Hagar and Intersectionality by Marilyn Batchelor

I began to follow Kimberlé Crenshaw a little more than five years ago when I first learned of her theory of intersectionality as a more concise description of oppressions stemming from race, age, gender, sex/sexual orientation, religion and socio-economic status. 

In Delores Williams’ book, Sisters in the Wilderness, there is a closer look at womanist theology as it relates to Intersectionality. The focus on traditions of biblical appropriation that emphasize liberation of the oppressed “showed God relating to men in the liberation struggles,” Williams says in the introduction. “In some African American spiritual songs, in slave narratives and in sermons by black preachers, reference was made to biblical stories and personalities who were involved in liberation struggle.” 

While taking a hybrid course in Religion and Intersectionality this Summer, I began to spend an extensive amount of time on the message of Hagar in the Old Testament of the Bible. I view Hagar as the first runaway slave and first female, in the Bible, to liberate herself from an oppressive power structure. She happens to also be a woman of color.

The central issues of Hagar are economics, inheritance, homelessness and struggle for freedom. It reminds me of Paulo Freire’s reference to oppression in his book, Pedagogy of the Oppressed. He uses the terms “oppression” and “oppressed” in a manner that invokes intersecting “inequities of class, race, ethnicity, age, religion and citizenship.” 

An Egyptian servant, Hagar once belonged to the Pharaoh who gifted her to Sarai, Abram’s wife. Abram and Sarai were past 80 and still had no children. Spending 10 years in Canaan, Sarai became impatient and offered Hagar, as a second wife, to her husband to impregnate, due to her barrenness. As Sarai’s slave, Hagar’s baby would belong to the couple. “Listen, now! Since Yahweh has kept me from having children, go to my slave-girl. Perhaps I shall get children through her” (Genesis 16:1-2).

In Genesis 15:2-3, Abram considered the Nuzi Law, which would have allowed him to adopt a male slave from his household as an heir to the family fortune and care for him in his old age. Instead, Sarai offered Hagar to serve as her surrogate.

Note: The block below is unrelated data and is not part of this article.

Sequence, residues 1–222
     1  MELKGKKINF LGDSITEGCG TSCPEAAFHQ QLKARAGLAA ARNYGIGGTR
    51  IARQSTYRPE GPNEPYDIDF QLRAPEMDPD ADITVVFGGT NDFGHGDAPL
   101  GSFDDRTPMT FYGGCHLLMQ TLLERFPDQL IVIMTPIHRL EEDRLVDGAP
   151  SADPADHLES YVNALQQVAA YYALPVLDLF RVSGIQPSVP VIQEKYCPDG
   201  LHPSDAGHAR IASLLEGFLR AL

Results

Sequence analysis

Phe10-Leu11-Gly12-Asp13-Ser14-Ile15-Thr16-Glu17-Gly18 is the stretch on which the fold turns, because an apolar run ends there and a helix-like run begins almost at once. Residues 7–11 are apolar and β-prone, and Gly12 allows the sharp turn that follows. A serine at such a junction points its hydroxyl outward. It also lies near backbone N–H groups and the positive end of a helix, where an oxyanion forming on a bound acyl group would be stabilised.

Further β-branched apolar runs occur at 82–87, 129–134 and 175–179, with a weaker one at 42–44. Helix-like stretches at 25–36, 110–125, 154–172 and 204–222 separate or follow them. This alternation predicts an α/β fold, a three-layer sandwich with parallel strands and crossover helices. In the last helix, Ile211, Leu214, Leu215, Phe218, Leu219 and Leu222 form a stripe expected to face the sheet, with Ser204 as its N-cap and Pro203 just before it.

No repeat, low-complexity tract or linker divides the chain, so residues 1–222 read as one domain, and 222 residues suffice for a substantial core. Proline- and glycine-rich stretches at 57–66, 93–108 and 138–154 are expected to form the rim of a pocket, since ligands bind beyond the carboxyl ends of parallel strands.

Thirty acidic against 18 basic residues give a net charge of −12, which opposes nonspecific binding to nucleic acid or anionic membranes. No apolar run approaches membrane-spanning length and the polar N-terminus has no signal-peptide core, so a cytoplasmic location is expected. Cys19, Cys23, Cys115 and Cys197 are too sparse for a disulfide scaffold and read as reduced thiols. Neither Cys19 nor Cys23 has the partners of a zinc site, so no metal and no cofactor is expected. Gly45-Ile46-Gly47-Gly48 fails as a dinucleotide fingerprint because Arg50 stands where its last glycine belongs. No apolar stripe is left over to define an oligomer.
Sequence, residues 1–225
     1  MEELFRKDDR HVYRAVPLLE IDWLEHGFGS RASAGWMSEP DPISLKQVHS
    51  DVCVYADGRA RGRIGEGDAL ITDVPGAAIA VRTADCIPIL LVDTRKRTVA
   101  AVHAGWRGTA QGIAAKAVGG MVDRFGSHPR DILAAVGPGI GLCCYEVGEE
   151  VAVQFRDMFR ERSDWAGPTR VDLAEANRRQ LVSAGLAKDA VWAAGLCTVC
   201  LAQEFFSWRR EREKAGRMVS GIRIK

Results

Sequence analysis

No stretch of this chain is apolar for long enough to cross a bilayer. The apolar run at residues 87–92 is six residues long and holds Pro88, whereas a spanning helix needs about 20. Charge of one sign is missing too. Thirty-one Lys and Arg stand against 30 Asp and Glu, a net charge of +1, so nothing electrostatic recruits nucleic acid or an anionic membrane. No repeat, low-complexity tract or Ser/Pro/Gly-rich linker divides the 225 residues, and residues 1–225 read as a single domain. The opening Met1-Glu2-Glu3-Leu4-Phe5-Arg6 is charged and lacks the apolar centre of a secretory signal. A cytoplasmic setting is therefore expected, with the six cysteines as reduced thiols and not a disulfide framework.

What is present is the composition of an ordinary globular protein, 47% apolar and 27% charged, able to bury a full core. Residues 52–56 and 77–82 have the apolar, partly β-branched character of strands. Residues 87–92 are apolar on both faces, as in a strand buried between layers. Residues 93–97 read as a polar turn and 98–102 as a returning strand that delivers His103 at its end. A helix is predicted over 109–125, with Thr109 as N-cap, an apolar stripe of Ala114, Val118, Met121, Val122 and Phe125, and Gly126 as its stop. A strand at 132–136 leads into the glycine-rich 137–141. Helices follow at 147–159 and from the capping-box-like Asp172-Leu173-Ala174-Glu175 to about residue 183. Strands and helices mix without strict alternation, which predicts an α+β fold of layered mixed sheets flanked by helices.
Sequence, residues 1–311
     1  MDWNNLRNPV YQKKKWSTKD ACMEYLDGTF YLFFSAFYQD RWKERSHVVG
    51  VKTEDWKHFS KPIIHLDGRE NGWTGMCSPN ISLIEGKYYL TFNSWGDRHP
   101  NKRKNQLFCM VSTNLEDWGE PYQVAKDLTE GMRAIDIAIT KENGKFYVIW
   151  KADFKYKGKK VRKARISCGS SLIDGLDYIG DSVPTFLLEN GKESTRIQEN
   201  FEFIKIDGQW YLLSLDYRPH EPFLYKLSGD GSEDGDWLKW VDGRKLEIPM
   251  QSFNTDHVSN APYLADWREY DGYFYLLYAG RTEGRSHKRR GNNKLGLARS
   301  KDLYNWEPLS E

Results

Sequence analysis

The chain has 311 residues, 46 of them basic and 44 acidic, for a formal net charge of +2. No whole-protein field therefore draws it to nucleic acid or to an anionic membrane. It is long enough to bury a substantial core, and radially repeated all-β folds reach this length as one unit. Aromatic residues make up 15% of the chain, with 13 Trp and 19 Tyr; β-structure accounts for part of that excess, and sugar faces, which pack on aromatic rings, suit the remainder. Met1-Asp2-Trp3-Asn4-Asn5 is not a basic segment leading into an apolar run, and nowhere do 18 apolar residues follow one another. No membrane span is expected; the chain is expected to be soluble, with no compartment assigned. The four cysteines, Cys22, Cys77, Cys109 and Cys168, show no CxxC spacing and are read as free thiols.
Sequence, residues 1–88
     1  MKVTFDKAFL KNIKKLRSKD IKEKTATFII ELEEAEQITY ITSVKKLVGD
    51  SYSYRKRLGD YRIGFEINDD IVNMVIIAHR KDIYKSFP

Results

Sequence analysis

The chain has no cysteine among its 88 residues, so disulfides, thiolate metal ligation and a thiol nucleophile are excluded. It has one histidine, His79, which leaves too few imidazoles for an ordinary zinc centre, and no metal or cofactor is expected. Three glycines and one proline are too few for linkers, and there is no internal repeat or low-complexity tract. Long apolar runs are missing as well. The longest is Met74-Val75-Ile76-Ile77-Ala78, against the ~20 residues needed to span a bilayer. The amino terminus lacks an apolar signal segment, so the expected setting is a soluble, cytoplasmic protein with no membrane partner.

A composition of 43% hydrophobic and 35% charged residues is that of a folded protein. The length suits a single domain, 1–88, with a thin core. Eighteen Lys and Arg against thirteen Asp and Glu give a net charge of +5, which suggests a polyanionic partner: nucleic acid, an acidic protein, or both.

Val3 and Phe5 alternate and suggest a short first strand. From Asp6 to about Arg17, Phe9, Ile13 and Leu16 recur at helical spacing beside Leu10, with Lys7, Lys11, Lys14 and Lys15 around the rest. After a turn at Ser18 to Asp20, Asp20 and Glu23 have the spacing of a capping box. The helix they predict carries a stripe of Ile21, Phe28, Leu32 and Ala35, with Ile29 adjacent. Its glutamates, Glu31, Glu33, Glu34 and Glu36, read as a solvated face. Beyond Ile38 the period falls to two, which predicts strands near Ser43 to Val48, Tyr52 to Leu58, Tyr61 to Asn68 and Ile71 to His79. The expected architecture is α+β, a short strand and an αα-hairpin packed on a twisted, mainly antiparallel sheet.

Sarai was within custom to make this proposal. No one else in the home, including Abram, could enforce Hagar to do anything without Sarai’s permission. As with African slaves in America, the law guaranteed that slave holders had complete power and authority over the black bodies and their reproductive abilities, whether under the impregnation of the masters or an offered male slave. 

Once motherhood came into play, an adversarial relationship developed between Sarai and Hagar. The Bible explains that the conflict arose as Hagar began to behave as if she should take Sarai’s place, since she was producing Abram’s offspring. The laws allowed for Hagar to be punished for putting herself on the same level as Sarai. But their relationship was a bit more complicated, since she did make Hagar Abram’s wife. However, Sarai chose to remind Hagar of her place in the home. 

This disruption within the household resulted in Hagar, pregnant, poor and distraught, to run away. Through this lens, we see the struggle between the powerful and powerless, whether it’s forced motherhood, rape by Abram and Sarai, or the oppression enforced by Sarai upon this impoverished maid.

And this time the oppressor is an Israelite, the slave is Egyptian. “And the angel of the Lord commands the escapee to return to her cruel mistress and submit to her harsh treatment.” (the Jewish Bible). However, there are power dynamics between Sarai and Hagar. As Mignon Jacobs states in her book, Gender, Power, and Persuasion, “every relationship includes power dynamics in which weakness is a facet of power” (129). Sarah’s identity as wife and mother defines her power in the family. 

Sarai never called Hagar by her name in chapter 16. When she offered her to Abram, as well as when expressing her anger over Hagar’s behavior post-conception, she referred to her as “my slave-girl.” Hagar was nameless. She was property with one purpose.

Hagar has little say in the use of her body or her offspring, although they are both Abram’s wives. Sarai gave Hagar to him as his wife to bear an heir. She is co-wife and servant. Yet, Sarai wants to keep Hagar subservient in some manner.  As a result, Hagar runs away a second time and settles in the wilderness after Sarai banishes her and her son, Ishmael. God promises her that Ishmael will be a wild man, who lives in adversity. He becomes leader of the Arab nation – continuously at war with the Israelites to this day. 

We see a pattern of the matriarch oppressing an Egyptian, a reverse of Egyptians oppressing the Hebrews in Exodus and making them flee. In Hagar’s case, she was forced to be a surrogate mother, as Williams echoes. Sarai, a wealthy Hebrew woman, could bring her own maid to her husband, who did not have access to her the way he did his own female slaves.